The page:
Tesvikiye: By order of the Sultan

Sharing is caring!

Tesvikiye Camii - photo by Dorota YamadagIn the mid-19th century the sultans moved from Islamic inspired Topkapı to European designed Dolmabahçe Palace. It was the start of a new era in Turkish history and Sultan Abdülmecid I led the way. The formerly tree covered parklands of the palace elite were named Teşvikiye, meaning ‘encouragement’ in Ottoman Turkish. Two obelisks adorned in calligraphic script defined the boundaries of this new neighbourhood. A neo-Baroque mosque formed a focal point. Surrounding streets and laneways quickly filled with elegant wooden mansions built to house the families of court officials. By the 20th century it was the intellectual centre of Istanbul, home to Orhan Pamuk and numerous other artists and designers. Yet just down the hill a little corner of the past remains, in the delightful Ihlamur Kasrı.

Saray Muhallabecisi

Photo supplied by Saray Muhallabecesi

The modest entryway of Teşvikiye Saray Muhallebicisi belies the Aladdin’s cave nature of the interior. Formally attired waiters glide silently across large brown and white tiled floors, carrying trays loaded with glasses of traditional Turkish tea and plates full of tantalising desserts. Most unique of these is tavuk göğsü tatlisi. Literally meaning chicken breast pudding, they’ve been making it for eighty years. Cooked chicken is delicately shredded and then mixed together with sugar and ground rice. The resulting sweet creamy texture, surprisingly poultry free in flavour, is truly addictive.

Gönül Paksoy

Clutch - photo supplied by PaksoyGonul Paksoy shop interior - image supplied by Paksoy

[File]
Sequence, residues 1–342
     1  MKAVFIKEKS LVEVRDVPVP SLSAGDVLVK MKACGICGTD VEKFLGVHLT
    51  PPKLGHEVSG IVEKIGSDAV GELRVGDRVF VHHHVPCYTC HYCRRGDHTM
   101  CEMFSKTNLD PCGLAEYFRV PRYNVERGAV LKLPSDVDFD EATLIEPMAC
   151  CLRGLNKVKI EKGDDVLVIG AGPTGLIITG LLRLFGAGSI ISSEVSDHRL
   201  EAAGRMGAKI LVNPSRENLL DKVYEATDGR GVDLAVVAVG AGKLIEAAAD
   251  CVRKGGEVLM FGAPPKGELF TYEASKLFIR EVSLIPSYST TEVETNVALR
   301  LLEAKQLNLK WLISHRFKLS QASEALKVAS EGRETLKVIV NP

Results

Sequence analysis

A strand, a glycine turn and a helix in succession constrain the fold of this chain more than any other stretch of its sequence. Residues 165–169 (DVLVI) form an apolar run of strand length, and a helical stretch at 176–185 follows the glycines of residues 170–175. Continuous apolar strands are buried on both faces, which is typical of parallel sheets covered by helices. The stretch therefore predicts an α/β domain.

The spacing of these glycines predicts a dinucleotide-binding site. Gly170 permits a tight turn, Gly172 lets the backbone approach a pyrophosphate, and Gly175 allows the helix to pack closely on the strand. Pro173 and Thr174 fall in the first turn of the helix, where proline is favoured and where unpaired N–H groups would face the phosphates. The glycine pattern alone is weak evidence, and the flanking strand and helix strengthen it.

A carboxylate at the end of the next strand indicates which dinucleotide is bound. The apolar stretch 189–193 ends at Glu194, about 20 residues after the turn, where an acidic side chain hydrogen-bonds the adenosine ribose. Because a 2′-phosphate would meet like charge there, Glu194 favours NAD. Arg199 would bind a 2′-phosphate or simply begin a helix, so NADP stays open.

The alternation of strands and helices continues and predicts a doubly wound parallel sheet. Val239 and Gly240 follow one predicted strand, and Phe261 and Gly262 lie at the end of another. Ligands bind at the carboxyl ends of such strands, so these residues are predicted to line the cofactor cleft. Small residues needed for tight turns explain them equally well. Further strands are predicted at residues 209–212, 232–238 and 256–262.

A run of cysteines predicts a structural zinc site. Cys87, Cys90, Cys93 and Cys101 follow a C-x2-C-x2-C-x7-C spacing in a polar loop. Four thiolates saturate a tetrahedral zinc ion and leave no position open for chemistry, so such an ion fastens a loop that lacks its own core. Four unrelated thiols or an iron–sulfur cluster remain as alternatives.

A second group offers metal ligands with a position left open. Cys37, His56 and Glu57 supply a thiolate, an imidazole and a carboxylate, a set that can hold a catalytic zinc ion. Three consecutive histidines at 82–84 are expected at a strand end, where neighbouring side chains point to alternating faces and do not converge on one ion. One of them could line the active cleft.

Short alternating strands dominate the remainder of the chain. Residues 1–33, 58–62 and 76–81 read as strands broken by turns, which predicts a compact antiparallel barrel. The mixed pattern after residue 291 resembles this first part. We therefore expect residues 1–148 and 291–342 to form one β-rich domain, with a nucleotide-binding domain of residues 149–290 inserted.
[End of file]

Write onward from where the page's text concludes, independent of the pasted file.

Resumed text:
Gönül Paksoy is Turkey’s leading (re)designer of Ottoman chic. Originally inspired by the gowns worn by Sufi dervishes, over the years she’s developed her own unique style. Each piece synthesises ideas from flora and archaeology, combined with the mathematical intricacy she learned as a professor of chemical engineering. Her flair for design extends beyond clothing, to books on food, accessories and art.

Naturally, her shop in Teşvikiye is more gallery than place of commerce. The moody terracotta tiles are reminiscent of the floors in the kitchens at Topkapı Palace. Subtle lighting picks up the minute hand stitched silk detailing on the gowns and scarves displayed around the room. Each item has some small personal detail, like a miniature nazar (evil eye bead) stitched onto the label. Most are made from repurposed fabric taken from locally sourced antique garments. Every piece is unique and part Turkish history, part work of art. Like Gönül herself, they are simple and understated.

Ihlamur Kasrı

Merasim Kosk - Ilhamur KasriHidden in a valley just below Teşvikiye, the charming gardens of Ihlamur Kasrı are an oasis of calm. Formerly the hunting grounds of Ottoman sultans, pieces of masonry etched with archery scores are sprinkled around the grounds. Small terraces feature tranquil ponds and water spouts from ornate Ottoman çeşme. Towering magnolias frame two petite royal pavilions, the Meraşım Köşkü for public ceremonies, and the Harem Köşkü, private rooms for use by the families of Ottoman sultans. Both are the work of Karabet Balyan, famous for designing Dolmabahçe Palace. The public köşk is a riot of hand-painted ceramics, marble effect stucco walls, and gilt covered pelmets hung with heavy brocade curtains. In the family köşk, whose interior is reminiscent of the more restrained rooms in Versailles, you can drink tea like an Ottoman in one of the upstairs rooms. Ihlamur Kasrı is a great spot to recharge from the hectic pace of Istanbul and has ample space for kids to run around and let off steam.

Similar Posts


  1. Thank you so much for the reminder of tavuk göğsü. I was introduced to this desert on my first day in Turkey in July of 1976. Next time I am in Istanbul I will go to this place to enjoy this delicacy.

Leave a Reply

Your email address will not be published. Required fields are marked *

This site uses Akismet to reduce spam. Learn how your comment data is processed.